SOURCE: UK House of Commons Library
PREVIEW: This Commons Library paper examines the various policy areas where EU membership can have a measurable economic impact on Britain. The analysis includes a closer look at the impact of the following: trade, tariffs, movement of labour, EU regulation, and the EU budget; with further analysis on consumer prices and foreign direct investment.
A section of the paper collects cost-benefit analyses on EU membership written by various outside authors and finds that there is no definitive number that could irrefutably demonstrate whether the net effect is positive or negative. As expected, the various cited authors’ bias strongly influences the tone and outcome of these analyses.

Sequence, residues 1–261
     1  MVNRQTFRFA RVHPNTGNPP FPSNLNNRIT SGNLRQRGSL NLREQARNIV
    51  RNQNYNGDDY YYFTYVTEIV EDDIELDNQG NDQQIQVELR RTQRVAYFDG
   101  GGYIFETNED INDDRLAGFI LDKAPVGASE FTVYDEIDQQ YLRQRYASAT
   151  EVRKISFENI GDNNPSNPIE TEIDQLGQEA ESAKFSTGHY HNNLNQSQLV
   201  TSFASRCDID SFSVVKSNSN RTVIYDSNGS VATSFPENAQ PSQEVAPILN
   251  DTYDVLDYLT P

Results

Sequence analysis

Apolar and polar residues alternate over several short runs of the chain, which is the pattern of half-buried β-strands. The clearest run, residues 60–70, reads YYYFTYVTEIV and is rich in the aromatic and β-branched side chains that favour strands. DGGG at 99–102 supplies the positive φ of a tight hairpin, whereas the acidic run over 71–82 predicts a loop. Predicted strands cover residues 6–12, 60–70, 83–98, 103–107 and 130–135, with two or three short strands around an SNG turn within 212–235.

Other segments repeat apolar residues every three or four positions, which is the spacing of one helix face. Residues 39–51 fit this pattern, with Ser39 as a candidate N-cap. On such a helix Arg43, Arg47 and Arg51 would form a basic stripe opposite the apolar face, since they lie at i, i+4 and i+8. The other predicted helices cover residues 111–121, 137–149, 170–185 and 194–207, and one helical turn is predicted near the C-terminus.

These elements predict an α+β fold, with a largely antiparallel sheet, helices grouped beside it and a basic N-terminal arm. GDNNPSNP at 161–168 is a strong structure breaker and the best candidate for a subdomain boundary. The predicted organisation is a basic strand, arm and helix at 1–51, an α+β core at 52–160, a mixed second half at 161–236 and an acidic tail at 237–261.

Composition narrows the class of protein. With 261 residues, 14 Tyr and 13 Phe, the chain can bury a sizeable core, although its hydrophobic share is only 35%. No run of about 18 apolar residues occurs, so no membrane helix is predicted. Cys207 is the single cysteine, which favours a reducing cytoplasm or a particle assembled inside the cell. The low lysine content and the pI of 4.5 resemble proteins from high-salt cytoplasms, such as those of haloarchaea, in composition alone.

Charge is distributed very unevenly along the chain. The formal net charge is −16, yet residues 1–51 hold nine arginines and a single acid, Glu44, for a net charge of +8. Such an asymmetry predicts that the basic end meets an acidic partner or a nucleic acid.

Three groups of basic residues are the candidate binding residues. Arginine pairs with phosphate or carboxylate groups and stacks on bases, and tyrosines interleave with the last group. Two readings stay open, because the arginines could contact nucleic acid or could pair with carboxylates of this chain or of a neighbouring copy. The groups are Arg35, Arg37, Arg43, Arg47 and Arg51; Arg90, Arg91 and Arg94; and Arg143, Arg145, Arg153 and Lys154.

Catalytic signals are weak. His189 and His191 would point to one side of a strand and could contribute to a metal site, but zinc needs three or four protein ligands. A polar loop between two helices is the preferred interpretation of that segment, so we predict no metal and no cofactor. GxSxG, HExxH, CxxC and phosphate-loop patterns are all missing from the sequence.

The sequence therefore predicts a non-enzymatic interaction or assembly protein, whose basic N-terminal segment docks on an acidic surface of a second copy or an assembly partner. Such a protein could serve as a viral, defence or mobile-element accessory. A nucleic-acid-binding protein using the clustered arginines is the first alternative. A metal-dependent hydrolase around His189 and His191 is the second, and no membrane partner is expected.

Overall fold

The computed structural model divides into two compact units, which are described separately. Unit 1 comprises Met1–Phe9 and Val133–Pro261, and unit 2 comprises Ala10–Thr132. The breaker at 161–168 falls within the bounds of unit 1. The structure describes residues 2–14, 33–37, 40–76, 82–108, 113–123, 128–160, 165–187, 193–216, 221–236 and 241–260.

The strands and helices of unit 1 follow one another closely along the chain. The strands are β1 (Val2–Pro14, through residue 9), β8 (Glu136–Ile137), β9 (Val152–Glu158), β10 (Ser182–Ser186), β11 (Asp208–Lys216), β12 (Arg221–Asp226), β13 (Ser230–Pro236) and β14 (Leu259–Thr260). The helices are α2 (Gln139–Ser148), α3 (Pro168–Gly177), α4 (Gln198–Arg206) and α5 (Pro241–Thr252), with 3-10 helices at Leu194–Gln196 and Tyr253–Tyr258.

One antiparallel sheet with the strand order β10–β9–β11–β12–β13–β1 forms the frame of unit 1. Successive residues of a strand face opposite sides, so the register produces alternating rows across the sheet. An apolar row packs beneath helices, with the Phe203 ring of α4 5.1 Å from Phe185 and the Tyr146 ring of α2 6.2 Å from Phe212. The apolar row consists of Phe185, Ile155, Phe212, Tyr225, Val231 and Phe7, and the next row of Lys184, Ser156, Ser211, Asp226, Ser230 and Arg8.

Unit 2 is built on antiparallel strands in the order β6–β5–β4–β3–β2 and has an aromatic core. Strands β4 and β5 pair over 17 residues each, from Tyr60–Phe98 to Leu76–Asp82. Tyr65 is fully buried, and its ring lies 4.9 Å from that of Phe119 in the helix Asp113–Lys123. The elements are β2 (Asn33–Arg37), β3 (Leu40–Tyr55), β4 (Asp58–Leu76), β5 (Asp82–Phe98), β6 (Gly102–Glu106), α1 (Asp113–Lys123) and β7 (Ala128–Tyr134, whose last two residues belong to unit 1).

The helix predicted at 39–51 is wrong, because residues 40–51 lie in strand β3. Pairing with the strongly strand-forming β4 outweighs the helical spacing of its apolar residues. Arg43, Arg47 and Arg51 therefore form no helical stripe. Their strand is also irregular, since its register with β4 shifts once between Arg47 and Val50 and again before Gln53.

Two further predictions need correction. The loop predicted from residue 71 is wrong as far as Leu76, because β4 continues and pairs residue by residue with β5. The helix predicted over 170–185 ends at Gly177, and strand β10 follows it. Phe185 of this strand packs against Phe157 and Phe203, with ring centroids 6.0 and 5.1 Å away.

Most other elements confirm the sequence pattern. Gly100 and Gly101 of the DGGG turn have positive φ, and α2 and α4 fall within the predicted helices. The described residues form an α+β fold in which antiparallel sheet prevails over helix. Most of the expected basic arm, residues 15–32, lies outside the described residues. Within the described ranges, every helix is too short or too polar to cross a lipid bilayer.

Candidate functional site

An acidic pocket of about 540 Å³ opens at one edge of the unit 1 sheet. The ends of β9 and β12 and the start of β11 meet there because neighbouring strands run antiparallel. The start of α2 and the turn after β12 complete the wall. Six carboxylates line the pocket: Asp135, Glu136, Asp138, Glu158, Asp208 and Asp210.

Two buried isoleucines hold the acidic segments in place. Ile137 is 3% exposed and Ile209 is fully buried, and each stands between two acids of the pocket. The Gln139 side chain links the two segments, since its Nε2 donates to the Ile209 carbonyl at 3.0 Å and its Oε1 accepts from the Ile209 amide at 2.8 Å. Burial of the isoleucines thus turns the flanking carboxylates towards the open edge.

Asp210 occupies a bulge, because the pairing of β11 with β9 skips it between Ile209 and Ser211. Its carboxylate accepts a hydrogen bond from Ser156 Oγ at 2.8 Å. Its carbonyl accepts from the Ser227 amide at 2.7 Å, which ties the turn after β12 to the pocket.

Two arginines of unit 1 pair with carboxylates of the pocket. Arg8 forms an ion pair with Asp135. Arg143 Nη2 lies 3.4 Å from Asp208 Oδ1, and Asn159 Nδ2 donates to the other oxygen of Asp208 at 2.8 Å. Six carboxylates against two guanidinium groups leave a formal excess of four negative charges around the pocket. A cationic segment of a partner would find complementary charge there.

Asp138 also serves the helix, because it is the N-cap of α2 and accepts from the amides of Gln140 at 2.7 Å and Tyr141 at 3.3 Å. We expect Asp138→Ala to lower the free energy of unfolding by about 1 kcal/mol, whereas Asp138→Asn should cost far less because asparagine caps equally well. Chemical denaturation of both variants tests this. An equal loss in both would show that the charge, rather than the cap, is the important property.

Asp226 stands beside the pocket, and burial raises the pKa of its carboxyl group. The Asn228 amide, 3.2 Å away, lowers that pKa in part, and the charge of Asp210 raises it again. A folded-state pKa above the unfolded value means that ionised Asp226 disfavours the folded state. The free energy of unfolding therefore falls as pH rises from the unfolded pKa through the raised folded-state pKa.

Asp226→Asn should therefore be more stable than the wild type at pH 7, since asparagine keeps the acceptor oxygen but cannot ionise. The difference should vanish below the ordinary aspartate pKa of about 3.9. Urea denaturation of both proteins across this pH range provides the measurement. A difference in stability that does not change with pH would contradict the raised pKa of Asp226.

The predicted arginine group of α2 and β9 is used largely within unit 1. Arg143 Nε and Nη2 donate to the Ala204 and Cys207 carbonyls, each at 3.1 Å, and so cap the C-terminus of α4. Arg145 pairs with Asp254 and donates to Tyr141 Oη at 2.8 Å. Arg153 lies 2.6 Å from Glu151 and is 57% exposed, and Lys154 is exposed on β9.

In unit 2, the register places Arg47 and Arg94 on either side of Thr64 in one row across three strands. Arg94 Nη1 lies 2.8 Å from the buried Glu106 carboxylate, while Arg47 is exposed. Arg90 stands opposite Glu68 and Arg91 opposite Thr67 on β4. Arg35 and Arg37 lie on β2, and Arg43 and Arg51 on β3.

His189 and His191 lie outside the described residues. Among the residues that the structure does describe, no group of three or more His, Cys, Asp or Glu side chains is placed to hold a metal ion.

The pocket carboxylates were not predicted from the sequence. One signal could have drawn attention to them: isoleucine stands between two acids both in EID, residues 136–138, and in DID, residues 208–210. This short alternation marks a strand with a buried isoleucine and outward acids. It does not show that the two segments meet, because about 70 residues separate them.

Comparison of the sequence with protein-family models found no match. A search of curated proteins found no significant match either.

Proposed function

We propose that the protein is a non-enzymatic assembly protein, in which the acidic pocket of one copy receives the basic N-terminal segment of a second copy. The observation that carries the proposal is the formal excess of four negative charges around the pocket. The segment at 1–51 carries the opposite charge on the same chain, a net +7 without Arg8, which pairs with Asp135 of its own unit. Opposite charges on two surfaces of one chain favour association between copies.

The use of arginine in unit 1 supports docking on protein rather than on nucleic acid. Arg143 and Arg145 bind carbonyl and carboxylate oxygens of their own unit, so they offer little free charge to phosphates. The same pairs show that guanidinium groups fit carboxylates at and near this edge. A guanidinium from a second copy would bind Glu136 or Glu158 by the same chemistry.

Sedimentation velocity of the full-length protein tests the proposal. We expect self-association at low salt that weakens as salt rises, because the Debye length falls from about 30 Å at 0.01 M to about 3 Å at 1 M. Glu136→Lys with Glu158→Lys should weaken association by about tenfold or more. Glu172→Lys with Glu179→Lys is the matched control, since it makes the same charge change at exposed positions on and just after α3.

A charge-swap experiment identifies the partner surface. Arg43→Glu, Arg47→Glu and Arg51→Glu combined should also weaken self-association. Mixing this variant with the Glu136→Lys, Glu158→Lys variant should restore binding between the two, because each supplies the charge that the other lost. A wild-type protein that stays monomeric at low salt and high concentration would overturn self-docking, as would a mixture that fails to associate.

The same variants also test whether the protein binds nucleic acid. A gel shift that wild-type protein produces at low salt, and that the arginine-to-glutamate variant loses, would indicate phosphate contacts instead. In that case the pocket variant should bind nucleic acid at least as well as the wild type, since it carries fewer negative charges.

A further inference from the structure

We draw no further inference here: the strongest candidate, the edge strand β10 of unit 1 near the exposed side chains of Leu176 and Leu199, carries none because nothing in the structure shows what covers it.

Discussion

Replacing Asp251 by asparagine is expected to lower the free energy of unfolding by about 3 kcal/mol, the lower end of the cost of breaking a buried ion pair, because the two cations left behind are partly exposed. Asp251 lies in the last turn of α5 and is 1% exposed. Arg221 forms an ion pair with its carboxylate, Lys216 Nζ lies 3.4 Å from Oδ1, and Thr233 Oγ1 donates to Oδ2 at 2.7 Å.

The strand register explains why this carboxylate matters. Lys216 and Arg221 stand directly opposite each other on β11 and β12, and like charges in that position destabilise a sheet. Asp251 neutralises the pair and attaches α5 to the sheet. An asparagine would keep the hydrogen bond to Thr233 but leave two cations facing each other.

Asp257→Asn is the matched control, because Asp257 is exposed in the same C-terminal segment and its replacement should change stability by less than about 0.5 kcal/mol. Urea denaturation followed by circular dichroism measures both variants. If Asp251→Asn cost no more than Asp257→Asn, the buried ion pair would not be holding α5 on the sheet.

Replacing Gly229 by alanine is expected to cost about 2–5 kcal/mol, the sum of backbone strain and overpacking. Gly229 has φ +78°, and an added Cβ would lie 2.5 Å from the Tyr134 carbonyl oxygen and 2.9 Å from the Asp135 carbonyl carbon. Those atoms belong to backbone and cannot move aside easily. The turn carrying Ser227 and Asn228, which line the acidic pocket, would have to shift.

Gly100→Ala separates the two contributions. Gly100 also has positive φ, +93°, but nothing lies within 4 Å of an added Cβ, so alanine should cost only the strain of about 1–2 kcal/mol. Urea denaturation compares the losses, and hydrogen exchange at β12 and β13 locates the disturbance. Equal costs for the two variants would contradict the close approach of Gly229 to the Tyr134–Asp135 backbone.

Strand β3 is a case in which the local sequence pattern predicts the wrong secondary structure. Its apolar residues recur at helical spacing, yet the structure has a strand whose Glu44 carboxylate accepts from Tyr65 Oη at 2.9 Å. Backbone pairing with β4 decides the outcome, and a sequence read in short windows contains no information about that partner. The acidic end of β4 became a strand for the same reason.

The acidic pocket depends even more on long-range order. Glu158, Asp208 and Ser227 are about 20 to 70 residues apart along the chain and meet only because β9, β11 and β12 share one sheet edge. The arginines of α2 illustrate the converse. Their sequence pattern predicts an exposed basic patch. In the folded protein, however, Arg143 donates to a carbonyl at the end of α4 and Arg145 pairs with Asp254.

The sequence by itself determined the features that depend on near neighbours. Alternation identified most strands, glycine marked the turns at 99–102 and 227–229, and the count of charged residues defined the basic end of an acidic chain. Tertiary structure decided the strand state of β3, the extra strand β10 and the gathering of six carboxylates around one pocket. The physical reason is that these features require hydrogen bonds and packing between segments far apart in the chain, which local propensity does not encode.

The UK Independence Party’s analysis concludes the most negative economic effect of EU membership in a paper titled How much does the European Union cost Britain? The author calculates that the EU cost £77 billion net to the UK in 2010.
The 2004 paper by Civitas titled A cost too far? estimates the annual cost to be at 4% GDP.
The most optimistic figure was found in 2010 by the Department for Business Innovation and Skills, in a paper that estimates the trade benefits of EU membership since the early 1980s to measure up to 6% in income per capita.
The Commons Library paper itself does not draw a conclusion whether membership is more beneficial or costly, but it does provide a framework to understand the economic impact of EU membership on the UK.
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